- Get some drawing materials along with a white piece of paper or a picture you can draw on.
- Start the video.
- Let yourself be inspired by Meryl McMaster’s work to create your own piece, a symbol of transition.
For this workshop exploring the symbolism of the bridge, all you’ll need is drawing material.
Get comfortable, listen to the audio instructions, and let yourself be inspired and guided by Albert Lebourg’s work. Once you’ve finished your drawing, take some time to write down your reflections and date the work so as to connect it to the present moment.
Gather together some yellow materials and supplies you have on hand (paint, markers, paper, etc.). Then, create a landscape in which yellow is the dominant colour.
In these times of confinement, the daily scene playing out outside our windows has become a familiar one: a cat wandering about, neighbours taking in the early morning sun on their front steps, the burgeoning buds announcing spring…
Stephen Legari invites us to change our perspective on these details to see them as living works of art.
- Go to the window and observe your outdoor surroundings.
- Take the time to sketch or paint this familiar scene.
- As your neighbourhood comes to life on the page, send some positive thoughts to those who live there.
For this art therapy workshop, you will need a rock and some art supplies (paint, chalk, felt pens, etc.).
Nature is already beautiful as it is, so the goal here is to work with this beauty to transform your rock into a masterpiece, inspired by this happy whale.
Escape through writing!
- Simply look at the artwork without trying to analyze it.
- Hit Play and let yourself be guided.
This activity is designed for people of all ages.
- Take some markers, pencil crayons or pastels.
- Scribble lines on a sheet of paper, and then colour in the shapes formed by the lines.
- Repeat with your eyes closed.
- Try the same exercise with the right hand, then the left.
- Share the activity with someone by taking turns colouring.
- Try to find familiar forms in the final drawing.
- Grab a camera or your cell phone.
- Bring yourself into the present moment.
- Let yourself be led by whatever naturally draws your eye.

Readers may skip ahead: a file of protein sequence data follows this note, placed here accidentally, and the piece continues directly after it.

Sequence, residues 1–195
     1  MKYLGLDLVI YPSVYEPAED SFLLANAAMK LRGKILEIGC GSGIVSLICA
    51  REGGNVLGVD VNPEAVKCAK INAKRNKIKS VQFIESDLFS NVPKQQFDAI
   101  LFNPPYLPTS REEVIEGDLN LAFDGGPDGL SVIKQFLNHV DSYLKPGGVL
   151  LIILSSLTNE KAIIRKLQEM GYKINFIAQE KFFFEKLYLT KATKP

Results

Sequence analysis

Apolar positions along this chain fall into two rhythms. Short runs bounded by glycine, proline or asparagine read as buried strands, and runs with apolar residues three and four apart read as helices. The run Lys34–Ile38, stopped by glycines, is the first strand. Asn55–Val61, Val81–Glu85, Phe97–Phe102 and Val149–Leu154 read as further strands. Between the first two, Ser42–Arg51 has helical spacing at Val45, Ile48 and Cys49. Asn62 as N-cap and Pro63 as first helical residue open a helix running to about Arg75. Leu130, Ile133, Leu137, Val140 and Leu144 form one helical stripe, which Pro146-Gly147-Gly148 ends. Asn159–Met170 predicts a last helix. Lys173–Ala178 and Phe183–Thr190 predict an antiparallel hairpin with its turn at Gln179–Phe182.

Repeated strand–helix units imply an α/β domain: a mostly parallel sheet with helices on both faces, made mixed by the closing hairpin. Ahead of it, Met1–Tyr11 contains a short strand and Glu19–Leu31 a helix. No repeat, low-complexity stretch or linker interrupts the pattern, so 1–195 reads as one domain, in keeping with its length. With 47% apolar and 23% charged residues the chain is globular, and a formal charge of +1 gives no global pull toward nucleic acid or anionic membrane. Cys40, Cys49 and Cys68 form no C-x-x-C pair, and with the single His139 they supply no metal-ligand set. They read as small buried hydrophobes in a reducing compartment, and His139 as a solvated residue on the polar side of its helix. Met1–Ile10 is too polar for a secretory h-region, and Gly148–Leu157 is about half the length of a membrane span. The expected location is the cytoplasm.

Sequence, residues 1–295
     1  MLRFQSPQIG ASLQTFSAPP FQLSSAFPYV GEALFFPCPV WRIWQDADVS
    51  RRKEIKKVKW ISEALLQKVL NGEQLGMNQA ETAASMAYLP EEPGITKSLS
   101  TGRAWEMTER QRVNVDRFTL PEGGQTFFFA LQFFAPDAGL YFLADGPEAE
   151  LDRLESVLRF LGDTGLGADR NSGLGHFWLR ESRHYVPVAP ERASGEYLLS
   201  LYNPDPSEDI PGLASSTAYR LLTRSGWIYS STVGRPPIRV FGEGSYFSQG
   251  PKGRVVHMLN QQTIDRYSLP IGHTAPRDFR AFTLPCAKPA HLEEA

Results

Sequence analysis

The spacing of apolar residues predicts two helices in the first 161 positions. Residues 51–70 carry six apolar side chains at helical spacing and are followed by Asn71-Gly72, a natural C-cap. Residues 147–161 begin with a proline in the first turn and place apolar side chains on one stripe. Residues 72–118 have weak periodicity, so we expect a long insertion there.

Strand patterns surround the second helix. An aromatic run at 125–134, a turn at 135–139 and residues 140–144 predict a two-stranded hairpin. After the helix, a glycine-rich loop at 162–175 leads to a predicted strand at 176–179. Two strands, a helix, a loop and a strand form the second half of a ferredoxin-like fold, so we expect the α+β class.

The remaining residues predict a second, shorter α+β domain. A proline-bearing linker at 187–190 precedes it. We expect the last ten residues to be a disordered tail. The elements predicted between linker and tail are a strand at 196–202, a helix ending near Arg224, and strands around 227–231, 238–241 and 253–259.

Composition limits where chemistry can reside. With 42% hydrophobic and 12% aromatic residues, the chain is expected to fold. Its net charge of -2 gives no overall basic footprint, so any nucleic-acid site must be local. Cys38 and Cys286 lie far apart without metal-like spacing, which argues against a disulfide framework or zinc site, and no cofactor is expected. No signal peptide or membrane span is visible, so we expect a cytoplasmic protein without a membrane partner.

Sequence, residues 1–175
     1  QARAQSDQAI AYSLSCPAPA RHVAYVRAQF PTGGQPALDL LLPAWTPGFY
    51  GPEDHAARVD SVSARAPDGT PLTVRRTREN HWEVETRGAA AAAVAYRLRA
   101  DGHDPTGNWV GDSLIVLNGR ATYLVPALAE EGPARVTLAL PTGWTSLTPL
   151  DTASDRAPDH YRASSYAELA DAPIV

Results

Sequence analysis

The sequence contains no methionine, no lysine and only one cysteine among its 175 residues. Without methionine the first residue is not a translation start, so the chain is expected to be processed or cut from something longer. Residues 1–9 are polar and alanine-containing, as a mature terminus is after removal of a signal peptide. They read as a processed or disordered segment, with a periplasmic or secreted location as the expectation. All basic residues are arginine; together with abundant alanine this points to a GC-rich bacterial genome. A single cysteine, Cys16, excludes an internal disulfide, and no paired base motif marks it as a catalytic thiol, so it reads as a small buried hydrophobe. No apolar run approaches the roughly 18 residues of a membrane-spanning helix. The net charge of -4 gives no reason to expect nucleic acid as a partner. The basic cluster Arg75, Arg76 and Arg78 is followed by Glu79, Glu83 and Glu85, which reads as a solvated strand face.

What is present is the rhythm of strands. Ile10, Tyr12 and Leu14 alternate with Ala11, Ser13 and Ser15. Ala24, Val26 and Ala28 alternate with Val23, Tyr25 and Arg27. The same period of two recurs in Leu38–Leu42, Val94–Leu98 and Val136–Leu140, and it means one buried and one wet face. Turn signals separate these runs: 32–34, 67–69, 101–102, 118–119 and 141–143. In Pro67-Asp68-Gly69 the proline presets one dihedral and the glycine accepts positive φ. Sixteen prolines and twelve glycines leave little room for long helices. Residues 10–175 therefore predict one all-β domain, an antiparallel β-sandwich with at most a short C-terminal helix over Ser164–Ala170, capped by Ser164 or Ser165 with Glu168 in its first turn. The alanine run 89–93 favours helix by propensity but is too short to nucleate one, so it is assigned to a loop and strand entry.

- Capture the moment.
- Take any circular object you have on hand, like a bowl or plate, and trace a circle on your sheet of paper.
- Fill it in by setting your imagination free: you can use different-coloured markers or paint, or even explore a single shade, like in this work by Louis Archambault (see opposite).
- For a fun family activity, take turns filling in the circle with natural or found materials, such as shells, stones, old macaroni.
This meditation activity consists of immersing yourself in a work of art to nourish your inner peace.
- Read the short text below.
- Hit Play and let your imagination take over.
The spring sun returns to nourish the living world around us, the buds appear on the trees, the birds return and each day the sun stays a little longer. While we all work hard indoors, we can let our imaginations travel to the places in nature that matter most to us.
Sharing the love
There are a thousand ways we can continue to take care of each other from a distance.
- Think of someone you’d like to send some encouraging words to.
- Make a postcard using inspiring materials you have on hand – it could be as basic as piece of paper and pencil – and write your message.
- Take a photo of the card with your phone and send it to the person virtually. The key is to focus on the pleasure of creating. Try not to judge or analyze what you’re doing – it’s about enjoying the process. So, turn off the news, take some time for yourself, and relax.